Allegiant Travel Co. dropped the most since July after it canceled 15 percent of its flights after the grounding of its Boeing Co. MD-80s to make sure that its emergency slides meet safety standards. The airline moved 16 of the canceled flights the next day, when it expects to complete a full inspection. The company has not determined how the grounded planes will affect flights over the weekend or early next week, which is its busiest period.
The MD-80s accounts for 85 percent of Allegiant’s fleet. They have an average age of around 23 years according to the company’s regulatory filings. The airline provides low fares and few amenities on its flights to holiday destinations.
Allegiant spokesman Brian Davis said that it was the company’s decision to take the airplanes out of service and remedy the problem. Allegiant shares dropped 4.9 percent to $97.91, which is the largest fall since July 23. The stock has gained 33 percent so far this year.
Allegiant found the problem after slides were deployed during an emergency evacuation of a plane taxiing for departure from Las Vegas last September 16. The Federal Aviation Administration learned about the problem while probing the deployment. The agency directed the company to report the inspection status of all slides installed on its MD-80 planes.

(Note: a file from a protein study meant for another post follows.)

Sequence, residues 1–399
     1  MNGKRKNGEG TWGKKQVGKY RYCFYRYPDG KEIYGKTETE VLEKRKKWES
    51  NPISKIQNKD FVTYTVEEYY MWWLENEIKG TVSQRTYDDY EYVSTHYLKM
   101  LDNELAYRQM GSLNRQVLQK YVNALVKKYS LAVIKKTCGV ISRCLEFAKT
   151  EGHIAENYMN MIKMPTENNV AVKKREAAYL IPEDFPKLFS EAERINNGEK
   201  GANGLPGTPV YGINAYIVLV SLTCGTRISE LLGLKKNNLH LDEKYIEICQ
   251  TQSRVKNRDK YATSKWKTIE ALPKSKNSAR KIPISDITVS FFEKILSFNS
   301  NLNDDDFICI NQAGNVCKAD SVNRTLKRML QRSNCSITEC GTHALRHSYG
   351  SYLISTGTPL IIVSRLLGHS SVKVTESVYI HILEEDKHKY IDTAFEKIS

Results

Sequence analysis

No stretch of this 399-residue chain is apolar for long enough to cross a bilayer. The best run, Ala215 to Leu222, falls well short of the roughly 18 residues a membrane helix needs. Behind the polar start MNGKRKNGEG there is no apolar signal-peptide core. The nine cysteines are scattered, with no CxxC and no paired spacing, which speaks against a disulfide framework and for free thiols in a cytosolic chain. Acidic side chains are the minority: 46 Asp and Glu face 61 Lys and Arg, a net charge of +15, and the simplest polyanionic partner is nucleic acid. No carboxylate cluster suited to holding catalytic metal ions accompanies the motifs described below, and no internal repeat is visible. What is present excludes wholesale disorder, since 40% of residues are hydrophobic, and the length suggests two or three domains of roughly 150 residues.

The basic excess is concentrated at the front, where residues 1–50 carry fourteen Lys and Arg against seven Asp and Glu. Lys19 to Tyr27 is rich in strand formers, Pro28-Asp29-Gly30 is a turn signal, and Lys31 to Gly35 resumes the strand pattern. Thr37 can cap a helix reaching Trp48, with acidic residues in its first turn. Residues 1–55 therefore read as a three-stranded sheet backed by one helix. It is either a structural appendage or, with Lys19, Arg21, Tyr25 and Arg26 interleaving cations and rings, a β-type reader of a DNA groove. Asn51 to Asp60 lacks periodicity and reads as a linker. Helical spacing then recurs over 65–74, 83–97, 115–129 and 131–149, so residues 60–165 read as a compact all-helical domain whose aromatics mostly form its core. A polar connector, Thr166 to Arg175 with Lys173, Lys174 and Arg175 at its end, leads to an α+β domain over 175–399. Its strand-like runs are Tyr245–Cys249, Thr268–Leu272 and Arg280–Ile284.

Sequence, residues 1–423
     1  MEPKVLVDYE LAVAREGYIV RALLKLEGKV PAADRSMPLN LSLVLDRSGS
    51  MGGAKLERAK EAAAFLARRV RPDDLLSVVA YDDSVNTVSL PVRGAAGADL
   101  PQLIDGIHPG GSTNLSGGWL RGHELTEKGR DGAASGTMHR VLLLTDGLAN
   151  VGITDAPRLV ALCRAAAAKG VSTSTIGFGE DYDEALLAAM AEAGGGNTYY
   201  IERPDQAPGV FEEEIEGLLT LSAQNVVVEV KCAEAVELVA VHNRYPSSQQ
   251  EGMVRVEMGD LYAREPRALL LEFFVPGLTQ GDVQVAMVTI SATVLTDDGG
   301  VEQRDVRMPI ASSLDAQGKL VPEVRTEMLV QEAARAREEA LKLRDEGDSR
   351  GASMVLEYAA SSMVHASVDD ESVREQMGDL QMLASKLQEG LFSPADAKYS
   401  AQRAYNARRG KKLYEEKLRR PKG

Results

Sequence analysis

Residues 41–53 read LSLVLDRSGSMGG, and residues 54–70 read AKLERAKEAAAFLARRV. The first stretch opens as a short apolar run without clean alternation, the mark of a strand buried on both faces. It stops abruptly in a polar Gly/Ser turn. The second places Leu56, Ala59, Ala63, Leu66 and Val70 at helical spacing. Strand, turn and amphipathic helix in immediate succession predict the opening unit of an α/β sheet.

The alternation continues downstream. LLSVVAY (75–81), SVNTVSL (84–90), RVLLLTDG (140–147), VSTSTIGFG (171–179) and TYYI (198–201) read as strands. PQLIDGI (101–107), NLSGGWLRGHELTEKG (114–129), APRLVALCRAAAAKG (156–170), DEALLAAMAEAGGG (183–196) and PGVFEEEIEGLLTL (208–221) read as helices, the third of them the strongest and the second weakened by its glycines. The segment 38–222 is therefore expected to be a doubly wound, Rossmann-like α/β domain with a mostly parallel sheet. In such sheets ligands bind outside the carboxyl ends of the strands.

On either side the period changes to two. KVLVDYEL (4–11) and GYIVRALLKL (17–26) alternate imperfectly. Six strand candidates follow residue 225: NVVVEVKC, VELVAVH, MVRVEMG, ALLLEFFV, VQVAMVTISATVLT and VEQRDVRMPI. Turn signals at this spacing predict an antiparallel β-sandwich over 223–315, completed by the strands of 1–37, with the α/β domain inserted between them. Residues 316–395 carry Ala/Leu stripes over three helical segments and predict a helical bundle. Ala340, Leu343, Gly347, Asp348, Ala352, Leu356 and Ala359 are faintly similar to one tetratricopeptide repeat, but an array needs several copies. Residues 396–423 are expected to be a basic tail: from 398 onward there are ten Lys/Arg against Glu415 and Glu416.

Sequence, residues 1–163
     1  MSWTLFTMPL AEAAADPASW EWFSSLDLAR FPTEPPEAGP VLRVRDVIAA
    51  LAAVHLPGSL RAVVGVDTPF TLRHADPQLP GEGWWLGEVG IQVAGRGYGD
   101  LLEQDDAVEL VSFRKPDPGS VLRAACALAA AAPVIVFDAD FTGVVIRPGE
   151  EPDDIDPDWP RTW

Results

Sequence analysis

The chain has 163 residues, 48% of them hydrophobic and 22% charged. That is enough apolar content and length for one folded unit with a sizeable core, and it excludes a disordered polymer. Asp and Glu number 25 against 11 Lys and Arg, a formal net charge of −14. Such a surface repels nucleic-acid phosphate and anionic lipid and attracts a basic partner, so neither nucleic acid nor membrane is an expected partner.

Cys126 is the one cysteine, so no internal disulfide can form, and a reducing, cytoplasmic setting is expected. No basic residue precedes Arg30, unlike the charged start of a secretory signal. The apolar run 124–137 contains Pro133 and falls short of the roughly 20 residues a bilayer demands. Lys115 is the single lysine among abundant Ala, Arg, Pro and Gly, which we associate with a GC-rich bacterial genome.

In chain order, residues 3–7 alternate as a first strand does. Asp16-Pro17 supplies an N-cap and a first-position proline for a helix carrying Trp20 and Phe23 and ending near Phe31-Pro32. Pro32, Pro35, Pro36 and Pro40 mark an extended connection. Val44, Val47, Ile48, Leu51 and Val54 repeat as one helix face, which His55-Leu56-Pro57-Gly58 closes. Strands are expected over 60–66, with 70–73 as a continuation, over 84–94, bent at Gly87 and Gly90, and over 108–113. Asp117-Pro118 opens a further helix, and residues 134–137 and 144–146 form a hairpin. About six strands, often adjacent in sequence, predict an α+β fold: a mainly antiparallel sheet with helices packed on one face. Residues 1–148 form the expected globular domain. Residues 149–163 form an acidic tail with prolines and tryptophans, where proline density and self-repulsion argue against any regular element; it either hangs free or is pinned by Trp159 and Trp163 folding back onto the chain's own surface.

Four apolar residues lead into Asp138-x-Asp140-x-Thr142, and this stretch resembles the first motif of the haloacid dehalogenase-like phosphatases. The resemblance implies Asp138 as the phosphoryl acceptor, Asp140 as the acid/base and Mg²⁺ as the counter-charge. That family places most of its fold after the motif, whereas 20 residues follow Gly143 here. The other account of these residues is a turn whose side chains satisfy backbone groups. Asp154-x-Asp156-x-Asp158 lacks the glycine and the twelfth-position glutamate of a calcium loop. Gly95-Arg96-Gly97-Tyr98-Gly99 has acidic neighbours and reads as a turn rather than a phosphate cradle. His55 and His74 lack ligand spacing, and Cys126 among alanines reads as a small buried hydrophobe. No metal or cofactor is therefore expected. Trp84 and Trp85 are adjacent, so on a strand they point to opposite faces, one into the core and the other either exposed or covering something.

The carrier found out during the inspections that it hadn’t met stricter maintenance standards it agreed to previously with the FAA. The company was required to overhaul slides more than 15 years old every year. Allegiant had been doing the work every three years, which is the required timeline of the manufacturer.
15 MD-80s were operating with four compliant slides. Davis didn’t say how many slides were found that didn’t meet the overhaul standard. Non-complaint slides must be sent back to the maker for work that would take around five business days.